The Rear-View Mirror: The Mark of Zorro (1920)

Each Friday we travel back in time, one year at a time, for a look at some of the cultural goodies that may appear closer than they really are in The Rear-View Mirror. Join us on our weekly journey into the past!

In our current times, Douglas Fairbanks is best known for his swashbuckling films. Chances are that one of your first silents was a film he made. But at the time, making The Mark of Zorro was quite the risk, for an actor best known for light comedy work and westerns. Especially since he was also co-founding United Artists, with such luminaries as Chaplin, Pickford and Griffith. If audiences wouldn’t accept Fairbanks’ re-branding, his career might very well fail. The decision for his first more meaty role to be Zorro, then, was an inspired one. He gets to show off his comedic chops, as well as his incredible athleticism.

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The Rear-View Mirror: The Lucky Dog (1921)

Each Friday we travel back in time, one year at a time, for a look at some of the cultural goodies that may appear closer than they really are in The Rear-View Mirror. Join us on our weekly journey into the past!

Four and a half minutes into 1921’s “The Lucky Dog” comedy short, cinematic history is made. The film’s hero – a penniless young man with a surprisingly emo take on eye make-up – is chasing the eponymous lucky dog when he embroils himself in a mugging. As this is the knockabout world of early film comedy, the hold-up does not go according to plan, and the intended victim ends up racing off with more money than when he started, the oversized brute (do brutes come in any other size?) in hot pursuit.

What makes this particular moment historic is the identity of both mugger and muggee. The former is played by Oliver “Babe” Hardy, already a veteran with over a hundred comedy shorts under his belt. His intended victim, a relative newbie to Hollywood but already in leading roles, is Stan Laurel.

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The Rear-View Mirror: Safety Last! (1923)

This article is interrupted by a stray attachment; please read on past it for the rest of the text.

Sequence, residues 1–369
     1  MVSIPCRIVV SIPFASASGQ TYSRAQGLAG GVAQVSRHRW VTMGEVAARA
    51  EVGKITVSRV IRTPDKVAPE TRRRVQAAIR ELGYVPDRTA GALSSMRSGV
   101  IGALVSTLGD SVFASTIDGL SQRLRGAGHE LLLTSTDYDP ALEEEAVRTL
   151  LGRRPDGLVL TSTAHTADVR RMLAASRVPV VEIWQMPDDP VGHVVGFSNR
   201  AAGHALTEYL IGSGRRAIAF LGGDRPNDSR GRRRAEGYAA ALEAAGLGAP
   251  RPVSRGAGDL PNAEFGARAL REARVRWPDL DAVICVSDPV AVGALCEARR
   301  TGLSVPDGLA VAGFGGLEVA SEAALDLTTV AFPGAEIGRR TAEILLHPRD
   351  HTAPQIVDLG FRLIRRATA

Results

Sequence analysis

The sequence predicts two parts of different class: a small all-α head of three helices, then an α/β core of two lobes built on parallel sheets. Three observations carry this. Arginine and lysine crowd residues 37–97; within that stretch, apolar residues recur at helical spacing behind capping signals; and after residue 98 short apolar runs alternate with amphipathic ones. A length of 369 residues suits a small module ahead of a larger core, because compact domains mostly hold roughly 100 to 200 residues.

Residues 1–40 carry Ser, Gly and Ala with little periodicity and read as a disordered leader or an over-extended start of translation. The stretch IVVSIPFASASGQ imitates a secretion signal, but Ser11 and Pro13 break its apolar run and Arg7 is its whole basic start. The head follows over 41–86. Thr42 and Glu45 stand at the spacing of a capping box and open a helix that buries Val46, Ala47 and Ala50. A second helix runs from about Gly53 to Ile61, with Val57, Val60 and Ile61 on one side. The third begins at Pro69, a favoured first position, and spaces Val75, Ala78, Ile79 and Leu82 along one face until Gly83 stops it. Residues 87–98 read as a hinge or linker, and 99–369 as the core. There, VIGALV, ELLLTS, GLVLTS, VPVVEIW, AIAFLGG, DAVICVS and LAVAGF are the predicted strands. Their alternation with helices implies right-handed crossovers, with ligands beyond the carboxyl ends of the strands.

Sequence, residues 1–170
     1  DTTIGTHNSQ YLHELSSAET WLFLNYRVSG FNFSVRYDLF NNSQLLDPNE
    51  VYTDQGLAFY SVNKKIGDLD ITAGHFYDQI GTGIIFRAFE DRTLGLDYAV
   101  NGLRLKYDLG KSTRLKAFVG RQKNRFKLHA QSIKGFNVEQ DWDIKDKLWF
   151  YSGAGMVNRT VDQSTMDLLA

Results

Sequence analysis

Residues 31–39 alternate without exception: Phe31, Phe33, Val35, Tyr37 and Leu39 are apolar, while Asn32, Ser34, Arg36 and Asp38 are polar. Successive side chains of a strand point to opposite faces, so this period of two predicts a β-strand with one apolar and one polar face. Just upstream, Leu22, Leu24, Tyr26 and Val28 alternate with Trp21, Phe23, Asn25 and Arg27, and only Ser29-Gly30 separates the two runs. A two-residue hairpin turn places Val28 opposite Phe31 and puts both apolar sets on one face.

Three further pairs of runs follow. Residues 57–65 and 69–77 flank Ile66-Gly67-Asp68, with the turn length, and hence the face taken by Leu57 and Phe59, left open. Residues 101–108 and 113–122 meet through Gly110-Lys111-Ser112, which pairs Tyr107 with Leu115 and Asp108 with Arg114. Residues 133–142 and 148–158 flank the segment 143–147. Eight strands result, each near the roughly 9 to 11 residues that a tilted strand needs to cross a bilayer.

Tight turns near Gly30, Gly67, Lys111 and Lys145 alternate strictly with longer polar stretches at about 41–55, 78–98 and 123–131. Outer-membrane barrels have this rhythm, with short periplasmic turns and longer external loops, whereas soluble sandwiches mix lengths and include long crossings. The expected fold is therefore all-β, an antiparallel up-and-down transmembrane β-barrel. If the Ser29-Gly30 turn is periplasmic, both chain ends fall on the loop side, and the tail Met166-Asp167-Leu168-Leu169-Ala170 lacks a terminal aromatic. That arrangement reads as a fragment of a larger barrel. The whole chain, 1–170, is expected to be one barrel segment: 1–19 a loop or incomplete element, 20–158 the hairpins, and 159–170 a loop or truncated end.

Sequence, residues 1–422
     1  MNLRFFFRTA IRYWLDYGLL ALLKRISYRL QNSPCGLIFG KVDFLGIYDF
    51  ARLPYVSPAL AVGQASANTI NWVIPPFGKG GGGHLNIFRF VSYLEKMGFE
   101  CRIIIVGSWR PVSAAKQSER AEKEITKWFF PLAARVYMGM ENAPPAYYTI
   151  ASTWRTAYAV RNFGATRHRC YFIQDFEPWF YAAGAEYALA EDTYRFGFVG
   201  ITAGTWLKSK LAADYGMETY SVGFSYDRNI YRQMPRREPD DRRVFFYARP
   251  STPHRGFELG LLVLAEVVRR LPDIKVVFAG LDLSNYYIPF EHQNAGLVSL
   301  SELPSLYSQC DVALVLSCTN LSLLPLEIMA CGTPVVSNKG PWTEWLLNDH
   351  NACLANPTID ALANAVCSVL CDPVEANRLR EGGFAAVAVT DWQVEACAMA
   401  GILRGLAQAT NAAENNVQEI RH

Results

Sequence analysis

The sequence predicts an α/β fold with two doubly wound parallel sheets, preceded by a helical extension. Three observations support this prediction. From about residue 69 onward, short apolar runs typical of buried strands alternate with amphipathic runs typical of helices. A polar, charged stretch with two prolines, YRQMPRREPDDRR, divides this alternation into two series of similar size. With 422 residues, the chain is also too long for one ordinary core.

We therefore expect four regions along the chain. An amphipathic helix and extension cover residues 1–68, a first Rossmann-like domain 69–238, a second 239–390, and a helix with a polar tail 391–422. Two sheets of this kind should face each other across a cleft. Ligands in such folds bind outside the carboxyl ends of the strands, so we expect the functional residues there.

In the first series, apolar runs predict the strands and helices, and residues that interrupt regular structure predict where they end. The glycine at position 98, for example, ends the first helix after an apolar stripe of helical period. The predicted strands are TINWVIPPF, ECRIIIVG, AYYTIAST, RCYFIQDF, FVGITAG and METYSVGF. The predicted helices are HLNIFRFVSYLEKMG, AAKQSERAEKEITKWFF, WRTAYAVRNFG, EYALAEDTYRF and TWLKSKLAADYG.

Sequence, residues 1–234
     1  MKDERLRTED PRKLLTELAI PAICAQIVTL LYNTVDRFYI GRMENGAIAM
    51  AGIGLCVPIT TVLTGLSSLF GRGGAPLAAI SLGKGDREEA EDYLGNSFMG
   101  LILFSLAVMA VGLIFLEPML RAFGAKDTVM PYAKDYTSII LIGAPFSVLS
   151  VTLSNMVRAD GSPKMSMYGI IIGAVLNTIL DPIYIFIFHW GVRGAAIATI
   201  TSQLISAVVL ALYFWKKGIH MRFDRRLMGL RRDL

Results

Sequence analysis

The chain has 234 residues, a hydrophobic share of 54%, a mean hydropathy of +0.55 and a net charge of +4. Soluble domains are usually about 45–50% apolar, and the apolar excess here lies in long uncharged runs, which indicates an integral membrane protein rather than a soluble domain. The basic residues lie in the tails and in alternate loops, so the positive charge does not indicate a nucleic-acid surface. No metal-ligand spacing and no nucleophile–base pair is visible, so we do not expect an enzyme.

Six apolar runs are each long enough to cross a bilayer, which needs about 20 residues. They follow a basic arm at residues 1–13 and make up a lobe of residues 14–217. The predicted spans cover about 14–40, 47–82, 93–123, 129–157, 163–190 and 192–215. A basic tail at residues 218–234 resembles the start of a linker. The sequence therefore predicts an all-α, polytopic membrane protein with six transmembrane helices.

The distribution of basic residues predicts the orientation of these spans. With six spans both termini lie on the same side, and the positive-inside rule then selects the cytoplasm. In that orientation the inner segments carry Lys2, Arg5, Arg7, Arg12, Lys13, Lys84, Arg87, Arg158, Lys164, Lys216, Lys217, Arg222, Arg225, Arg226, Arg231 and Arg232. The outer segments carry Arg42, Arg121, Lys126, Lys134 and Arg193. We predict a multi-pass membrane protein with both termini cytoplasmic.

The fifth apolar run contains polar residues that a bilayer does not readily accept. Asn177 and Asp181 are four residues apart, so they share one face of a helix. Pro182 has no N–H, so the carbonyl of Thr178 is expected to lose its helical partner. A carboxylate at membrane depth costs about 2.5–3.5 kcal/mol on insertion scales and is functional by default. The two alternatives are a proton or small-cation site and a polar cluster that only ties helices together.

Each Friday we travel back in time, one year at a time, for a look at some of the cultural goodies that may appear closer than they really are in The Rear-View Mirror. Join us on our weekly journey into the past!

Everyone knows Charlie Chaplin. To a lesser extent perhaps, Buster Keaton too. But the third giant in this comedy trifecta, Harold Lloyd, is not as well known nowadays, although he made more films than the two of them combined. This may be because of distribution issues (Lloyd, in his later days, would only allow screenings of his films on special occasions). But perhaps even more so because the need-to-succeed everyman of his ’20s films was felt to be old-fashioned.

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The Rear-View Mirror: The Passion of Joan of Arc (1928)

Each Friday we travel back in time, one year at a time, for a look at some of the cultural goodies that may appear closer than they really are in The Rear-View Mirror. Join us on our weekly journey into the past!

There has rarely been a story as good at portraying the conflict between belief and organised religion as that of Joan of Arc, the Maid of Orléans, the peasant girl that believed to have seen archangels and saints and whose fight for her king and her god finally led her to a martyr’s death at the stake.

And while I haven’t seen any of the more recent cinematic takes on the story, I doubt that any of them are as harrowing as Carl Theodor Dreyer’s The Passion of Joan of Arc.

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